Thinking about Cliff Richard always makes me mindless with terror, so after yesterday's assorted debacles I decided to vanquish negative vibes by listening to Yoshimi Battles the Pink Robots about ah… four times. Fear not for the sanity of my neighbours, flatmates and colleagues - I used headphones.
But there is something about lyrics that boldly strike out for bonkers story-telling territory that makes me happy. Especially when they involve aliens, orcs and denizens of the primal seas at the centre of the earth. I love lyrics that skirt the edge of danger; ever-vulnerable to that one over-wrought line or polysyllabic word that tips them over the precipice and onto the jagged rocks of ridicule. I even love it when they take the plunge, although I'm less likely to play the results on permanent loop.
Perhaps back in the late 60s/early 70s many songwriters didn't give a laughing gnome for vertigo. It's more likely that the mastadon-felling quantity of toasted magic toadstools they consumed had them convinced they could soar like wonky technicolour eagles over the dangerous waters beneath. But man, or rather maaaaannn, did they write a lot of silly stuff. And nothing can cheer me up more quickly than a grown man in a fright wig, platform boots, cape and luminous green tights singing impassioned lyrics about antediluvian druids, Stonehenge and the furry feet of hobbits. Don't knock it, it works.
Part of the fascination lies in trying to decide whether or not they're being serious, since some of the efforts resemble Spinal Tap out-takes. The alternative is marvelling at what might be required to take this seriously. The image forms of hairy people sitting in a circle around a bubbling pot of tie-dye, saying things like, "Wooahh…interplanetary spacecraft…flown by…those are some nice fur leggings maann…maybe with hooves?...uhhh...what rhymes with dolphin?"
Anyhow, in the middle of all of this, it occurred to me that I don't actually have a theme tune for Prague. And it would distress me if I ended up with some hideous or deeply embarrassing default song as a consequence of buying the wrong tape mix or hearing something on the radio one to many times.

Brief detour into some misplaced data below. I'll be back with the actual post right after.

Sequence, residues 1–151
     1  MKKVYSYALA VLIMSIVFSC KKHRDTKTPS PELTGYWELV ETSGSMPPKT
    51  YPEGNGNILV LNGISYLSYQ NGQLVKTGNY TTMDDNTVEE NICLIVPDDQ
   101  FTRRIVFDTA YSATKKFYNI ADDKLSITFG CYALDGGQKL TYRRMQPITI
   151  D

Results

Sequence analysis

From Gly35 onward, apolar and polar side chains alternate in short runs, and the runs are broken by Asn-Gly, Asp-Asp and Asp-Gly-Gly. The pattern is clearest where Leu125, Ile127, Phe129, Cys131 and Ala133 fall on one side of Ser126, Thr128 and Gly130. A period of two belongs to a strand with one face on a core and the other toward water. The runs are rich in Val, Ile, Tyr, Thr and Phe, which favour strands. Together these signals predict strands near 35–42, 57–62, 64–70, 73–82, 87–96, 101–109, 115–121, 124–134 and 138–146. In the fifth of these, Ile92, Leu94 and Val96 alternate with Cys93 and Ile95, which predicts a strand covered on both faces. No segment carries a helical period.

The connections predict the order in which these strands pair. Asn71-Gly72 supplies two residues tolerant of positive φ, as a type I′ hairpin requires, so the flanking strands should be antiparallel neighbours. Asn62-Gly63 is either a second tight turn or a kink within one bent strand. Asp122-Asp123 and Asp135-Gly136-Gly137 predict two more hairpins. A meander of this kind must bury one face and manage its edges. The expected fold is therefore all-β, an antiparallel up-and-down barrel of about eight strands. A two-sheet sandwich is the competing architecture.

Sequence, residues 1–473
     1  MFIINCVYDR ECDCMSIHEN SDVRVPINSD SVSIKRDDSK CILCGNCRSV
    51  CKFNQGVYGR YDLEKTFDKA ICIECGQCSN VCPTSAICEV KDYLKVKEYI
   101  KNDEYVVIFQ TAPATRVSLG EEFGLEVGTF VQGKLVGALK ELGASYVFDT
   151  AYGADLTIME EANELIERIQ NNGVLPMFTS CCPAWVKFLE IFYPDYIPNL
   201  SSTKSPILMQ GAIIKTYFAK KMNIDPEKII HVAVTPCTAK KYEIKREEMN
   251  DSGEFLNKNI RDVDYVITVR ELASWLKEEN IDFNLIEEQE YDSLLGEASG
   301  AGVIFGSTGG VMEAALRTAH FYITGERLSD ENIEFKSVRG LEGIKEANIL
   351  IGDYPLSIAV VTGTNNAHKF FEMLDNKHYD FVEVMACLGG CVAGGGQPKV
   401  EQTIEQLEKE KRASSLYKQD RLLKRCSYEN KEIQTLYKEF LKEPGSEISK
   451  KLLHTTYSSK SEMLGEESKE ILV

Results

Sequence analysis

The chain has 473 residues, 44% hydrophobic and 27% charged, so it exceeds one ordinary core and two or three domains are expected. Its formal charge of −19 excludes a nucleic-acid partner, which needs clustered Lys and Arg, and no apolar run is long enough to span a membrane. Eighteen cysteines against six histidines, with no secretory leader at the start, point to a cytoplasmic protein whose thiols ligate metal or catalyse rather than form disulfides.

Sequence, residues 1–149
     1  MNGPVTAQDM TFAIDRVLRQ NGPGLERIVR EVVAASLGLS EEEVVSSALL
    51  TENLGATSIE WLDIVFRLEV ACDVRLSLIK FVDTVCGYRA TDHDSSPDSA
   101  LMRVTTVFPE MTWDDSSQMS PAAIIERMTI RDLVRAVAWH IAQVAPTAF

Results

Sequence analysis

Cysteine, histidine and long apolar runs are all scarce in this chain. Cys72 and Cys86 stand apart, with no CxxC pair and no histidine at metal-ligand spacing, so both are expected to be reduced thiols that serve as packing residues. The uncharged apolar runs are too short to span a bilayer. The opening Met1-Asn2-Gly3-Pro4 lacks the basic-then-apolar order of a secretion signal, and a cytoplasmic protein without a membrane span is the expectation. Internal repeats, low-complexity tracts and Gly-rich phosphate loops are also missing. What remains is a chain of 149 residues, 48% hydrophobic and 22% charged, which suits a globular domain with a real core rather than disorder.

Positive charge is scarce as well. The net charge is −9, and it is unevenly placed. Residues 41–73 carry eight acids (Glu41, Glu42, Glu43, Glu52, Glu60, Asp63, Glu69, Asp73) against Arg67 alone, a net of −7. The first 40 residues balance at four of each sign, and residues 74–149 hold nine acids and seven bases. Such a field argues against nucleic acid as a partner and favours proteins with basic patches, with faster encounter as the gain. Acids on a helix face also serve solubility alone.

Of course now that we have iTunes this is less of an issue than it has been in the past but still, I worry. These things can creep up on a person, and before you know it, "The Horse with No Name"* is irretrievably lodged in some sick, twisted part of my psyche as The Official Theme for This Period of My Life and there's nothing I can do about it.
So obviously as a start I had to google for song lyrics with "Prague" in them somewhere (googling for "Czech" + song lyrics just brings up incomprehensible pop songs and rap lyrics that I'm sure Mrs. Jana would not approve as learning aids). So far, the news is not positive. The best of the bunch is Damien Rice's Prague, but although he does arrangements with a cello (more cello in pop is a good thing, just like there should be more brass in pop too) his style is a little mournful for this purpose. But all this leaves me with so far are:
OMD, Radio Prague
Babylon Whores, Death in Prague
Killing Joke, Jana
Half Man Half Biscuit, All I want for Christmas is a Dukla Prague Away Kit
The Dead Milkman, The Infant of Prague Customized my Van.
Suggestions on a postcard, please.
*Too late for this one - it's already the theme to the summer of '91. Curse you, GCSE music analysis exam. Whyohwhy did you have to pick that year to go all pop-tastic on us?